Kearney and Peebles 1969, McDougall 1973, Martin and Hutchins 1980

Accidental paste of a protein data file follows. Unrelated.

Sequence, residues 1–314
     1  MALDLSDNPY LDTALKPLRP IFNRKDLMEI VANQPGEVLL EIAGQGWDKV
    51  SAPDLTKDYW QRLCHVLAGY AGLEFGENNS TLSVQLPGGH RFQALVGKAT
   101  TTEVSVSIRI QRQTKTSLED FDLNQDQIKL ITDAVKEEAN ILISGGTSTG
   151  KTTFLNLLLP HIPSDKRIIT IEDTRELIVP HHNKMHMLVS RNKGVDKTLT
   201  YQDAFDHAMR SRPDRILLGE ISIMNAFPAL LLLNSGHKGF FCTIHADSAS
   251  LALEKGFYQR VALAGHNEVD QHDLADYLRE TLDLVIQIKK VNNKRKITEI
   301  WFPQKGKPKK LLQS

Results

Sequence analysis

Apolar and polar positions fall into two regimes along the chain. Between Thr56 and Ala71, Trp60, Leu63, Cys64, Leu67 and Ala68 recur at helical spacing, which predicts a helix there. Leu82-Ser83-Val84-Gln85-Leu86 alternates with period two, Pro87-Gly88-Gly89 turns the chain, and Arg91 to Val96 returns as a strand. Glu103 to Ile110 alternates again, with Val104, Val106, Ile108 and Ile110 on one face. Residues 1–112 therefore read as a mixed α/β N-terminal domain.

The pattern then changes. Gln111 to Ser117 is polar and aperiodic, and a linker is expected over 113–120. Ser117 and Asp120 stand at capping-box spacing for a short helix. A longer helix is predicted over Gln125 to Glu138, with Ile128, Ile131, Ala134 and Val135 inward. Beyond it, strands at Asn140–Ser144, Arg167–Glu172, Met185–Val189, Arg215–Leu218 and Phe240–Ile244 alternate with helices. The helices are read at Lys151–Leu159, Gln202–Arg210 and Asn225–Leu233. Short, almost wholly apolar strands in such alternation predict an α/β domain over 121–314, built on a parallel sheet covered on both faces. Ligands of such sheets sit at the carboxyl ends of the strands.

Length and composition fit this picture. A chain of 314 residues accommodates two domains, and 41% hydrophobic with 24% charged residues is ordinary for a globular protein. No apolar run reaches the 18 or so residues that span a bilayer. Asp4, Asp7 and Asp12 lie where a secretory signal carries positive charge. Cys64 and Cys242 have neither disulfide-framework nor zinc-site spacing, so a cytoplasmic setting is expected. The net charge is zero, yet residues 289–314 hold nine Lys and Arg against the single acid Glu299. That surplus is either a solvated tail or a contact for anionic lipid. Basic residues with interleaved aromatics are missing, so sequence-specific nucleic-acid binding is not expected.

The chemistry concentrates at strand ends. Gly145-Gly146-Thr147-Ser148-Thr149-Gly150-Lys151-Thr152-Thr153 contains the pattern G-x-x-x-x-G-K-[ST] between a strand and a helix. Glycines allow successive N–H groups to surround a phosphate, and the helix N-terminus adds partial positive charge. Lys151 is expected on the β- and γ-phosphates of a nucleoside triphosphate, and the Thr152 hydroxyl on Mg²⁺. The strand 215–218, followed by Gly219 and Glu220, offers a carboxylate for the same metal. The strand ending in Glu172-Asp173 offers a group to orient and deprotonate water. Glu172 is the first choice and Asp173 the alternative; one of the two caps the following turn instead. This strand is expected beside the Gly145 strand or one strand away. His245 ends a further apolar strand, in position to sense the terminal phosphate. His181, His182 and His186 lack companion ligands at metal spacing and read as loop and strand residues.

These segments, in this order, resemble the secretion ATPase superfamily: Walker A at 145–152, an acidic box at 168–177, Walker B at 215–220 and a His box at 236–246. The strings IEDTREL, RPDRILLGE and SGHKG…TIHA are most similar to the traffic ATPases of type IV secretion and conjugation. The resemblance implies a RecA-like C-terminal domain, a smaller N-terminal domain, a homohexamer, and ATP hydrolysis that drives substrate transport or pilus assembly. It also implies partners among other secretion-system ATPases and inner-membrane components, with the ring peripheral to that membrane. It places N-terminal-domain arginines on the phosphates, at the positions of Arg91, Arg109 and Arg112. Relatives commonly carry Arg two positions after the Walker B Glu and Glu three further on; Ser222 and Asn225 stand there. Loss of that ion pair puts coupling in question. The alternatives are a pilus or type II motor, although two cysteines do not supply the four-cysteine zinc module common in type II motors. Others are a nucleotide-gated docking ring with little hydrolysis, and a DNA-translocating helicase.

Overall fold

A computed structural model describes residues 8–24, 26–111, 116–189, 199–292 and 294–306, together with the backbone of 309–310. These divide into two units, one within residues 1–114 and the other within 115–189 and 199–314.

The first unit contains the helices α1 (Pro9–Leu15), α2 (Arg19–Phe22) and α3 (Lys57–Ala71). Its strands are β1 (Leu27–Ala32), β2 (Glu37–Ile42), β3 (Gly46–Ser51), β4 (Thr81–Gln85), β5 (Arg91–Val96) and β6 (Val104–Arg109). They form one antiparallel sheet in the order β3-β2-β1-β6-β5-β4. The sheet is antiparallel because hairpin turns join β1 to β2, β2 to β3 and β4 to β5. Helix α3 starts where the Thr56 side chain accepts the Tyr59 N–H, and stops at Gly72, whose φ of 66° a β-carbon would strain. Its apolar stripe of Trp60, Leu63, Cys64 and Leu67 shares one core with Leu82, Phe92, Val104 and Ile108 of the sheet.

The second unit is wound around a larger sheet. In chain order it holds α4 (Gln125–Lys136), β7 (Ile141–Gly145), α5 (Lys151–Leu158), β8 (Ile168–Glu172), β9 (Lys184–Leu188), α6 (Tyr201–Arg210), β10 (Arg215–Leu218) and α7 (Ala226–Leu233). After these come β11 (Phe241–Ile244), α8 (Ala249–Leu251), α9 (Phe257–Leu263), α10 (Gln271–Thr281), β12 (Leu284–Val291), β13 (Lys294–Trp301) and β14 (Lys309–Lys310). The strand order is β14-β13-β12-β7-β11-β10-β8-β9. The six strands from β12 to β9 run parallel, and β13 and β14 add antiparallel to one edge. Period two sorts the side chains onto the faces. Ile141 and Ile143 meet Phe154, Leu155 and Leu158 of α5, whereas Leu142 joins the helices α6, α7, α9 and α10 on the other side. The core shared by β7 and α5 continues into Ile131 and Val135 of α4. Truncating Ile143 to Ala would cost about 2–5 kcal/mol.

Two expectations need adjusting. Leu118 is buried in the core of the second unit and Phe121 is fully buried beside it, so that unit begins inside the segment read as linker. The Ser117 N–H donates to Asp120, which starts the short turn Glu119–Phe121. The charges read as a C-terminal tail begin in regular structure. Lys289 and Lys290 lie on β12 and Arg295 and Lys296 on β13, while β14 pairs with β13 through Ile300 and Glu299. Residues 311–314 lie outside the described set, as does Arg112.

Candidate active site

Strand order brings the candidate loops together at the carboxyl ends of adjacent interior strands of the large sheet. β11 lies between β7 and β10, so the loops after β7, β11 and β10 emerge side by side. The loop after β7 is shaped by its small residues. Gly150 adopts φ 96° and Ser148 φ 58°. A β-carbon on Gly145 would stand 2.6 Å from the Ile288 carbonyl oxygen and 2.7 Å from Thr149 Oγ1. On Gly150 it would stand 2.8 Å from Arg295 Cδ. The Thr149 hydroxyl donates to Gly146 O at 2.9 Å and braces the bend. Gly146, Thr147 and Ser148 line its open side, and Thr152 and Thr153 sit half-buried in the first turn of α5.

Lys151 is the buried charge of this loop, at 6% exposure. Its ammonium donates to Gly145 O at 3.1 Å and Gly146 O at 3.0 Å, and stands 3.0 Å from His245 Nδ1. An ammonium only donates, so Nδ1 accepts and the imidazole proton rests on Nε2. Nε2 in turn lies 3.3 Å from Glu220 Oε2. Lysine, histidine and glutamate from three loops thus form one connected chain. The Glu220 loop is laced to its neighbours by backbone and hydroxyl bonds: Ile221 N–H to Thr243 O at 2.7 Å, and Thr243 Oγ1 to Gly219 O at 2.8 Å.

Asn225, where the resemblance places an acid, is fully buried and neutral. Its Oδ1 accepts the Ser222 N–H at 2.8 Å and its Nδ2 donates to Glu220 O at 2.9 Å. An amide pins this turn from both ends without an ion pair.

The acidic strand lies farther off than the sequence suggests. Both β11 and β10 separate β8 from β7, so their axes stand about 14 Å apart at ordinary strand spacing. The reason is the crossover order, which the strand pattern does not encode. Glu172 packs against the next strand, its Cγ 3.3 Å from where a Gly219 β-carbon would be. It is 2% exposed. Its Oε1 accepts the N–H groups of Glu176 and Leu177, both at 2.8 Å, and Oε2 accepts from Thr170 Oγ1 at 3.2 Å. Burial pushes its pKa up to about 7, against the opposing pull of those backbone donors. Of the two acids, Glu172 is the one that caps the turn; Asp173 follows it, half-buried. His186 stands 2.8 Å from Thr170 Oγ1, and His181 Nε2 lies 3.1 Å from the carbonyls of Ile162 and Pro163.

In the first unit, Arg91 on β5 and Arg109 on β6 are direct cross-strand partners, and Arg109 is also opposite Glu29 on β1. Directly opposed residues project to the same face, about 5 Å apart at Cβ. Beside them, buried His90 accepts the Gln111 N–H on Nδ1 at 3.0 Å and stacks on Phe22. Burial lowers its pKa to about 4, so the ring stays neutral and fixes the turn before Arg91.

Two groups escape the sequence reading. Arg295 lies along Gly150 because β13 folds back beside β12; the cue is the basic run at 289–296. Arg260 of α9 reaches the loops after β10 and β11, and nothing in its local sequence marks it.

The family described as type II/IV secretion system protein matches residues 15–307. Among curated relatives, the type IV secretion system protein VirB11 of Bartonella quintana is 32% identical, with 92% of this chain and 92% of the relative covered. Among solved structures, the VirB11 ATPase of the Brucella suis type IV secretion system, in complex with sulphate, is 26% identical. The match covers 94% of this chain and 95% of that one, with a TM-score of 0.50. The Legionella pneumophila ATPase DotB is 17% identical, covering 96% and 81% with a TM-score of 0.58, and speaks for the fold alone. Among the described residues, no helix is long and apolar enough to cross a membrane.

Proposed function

Duration: Perennial Nativity: Native Lifeform: Forb/Herb General: Herbaceous or small shrubs with forked stems and swollen nodes, erect, not profusely branching, 40-80 cm long. Leaves: Palmately lobed, opposite or basal with stipules, glabrous to sparsely hairy, primary divisions incised, toothed to lobed. Flowers: Perfect, light pink to purple, regular, in cymose or umbel-like clusters, sepals persistent 9-12 mm long, pubescent, stamens 10, all fertile, 5 of them longer than the others, style persistent, the stigma branches 3-4 mm long, forming the tip of the beak when mature. Fruits: Style persistent, becoming recoiled when fruiting. Ecology: Found in coniferous forests from 6,500-11,500 ft (1981-3505 m); flowering April-October. Notes: The keys to this species are the whitish petals and the stigma branches 3-4 mm long. The petals can sometimes be pale pink, rather than the deep purple as found in G. caespitosum, or the white in G. wislizenii. Ethnobotany: The pulverized leaves were used as snuff to stop nosebleeds, and the powered roots were also ingested to treat nosebleed. The plant was used as a life medicine. Synonyms: None Editor: LCrumbacher, 2011 Etymology: Geranium comes from from the Greek geranos, "crane," from the beak-like fruit, while richardsonii is named for Sir John Richardson (1787-1865), a Scottish naturalist, meteorologist, doctor, cartographer and Arctic explorer.